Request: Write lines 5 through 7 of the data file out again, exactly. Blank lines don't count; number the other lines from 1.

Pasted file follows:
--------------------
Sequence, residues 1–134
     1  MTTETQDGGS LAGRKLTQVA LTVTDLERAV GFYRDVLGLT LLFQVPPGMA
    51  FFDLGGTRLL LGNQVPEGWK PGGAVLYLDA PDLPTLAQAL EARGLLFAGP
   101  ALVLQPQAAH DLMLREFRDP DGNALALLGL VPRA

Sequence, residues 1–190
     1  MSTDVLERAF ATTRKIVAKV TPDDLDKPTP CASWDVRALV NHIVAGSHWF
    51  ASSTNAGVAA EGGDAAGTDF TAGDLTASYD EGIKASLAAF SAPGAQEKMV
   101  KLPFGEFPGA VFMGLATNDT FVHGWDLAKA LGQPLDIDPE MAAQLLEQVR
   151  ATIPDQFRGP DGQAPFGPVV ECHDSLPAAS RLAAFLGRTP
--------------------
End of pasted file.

Sequence, residues 1–190
     1  MSTDVLERAF ATTRKIVAKV TPDDLDKPTP CASWDVRALV NHIVAGSHWF
    51  ASSTNAGVAA EGGDAAGTDF TAGDLTASYD EGIKASLAAF SAPGAQEKMV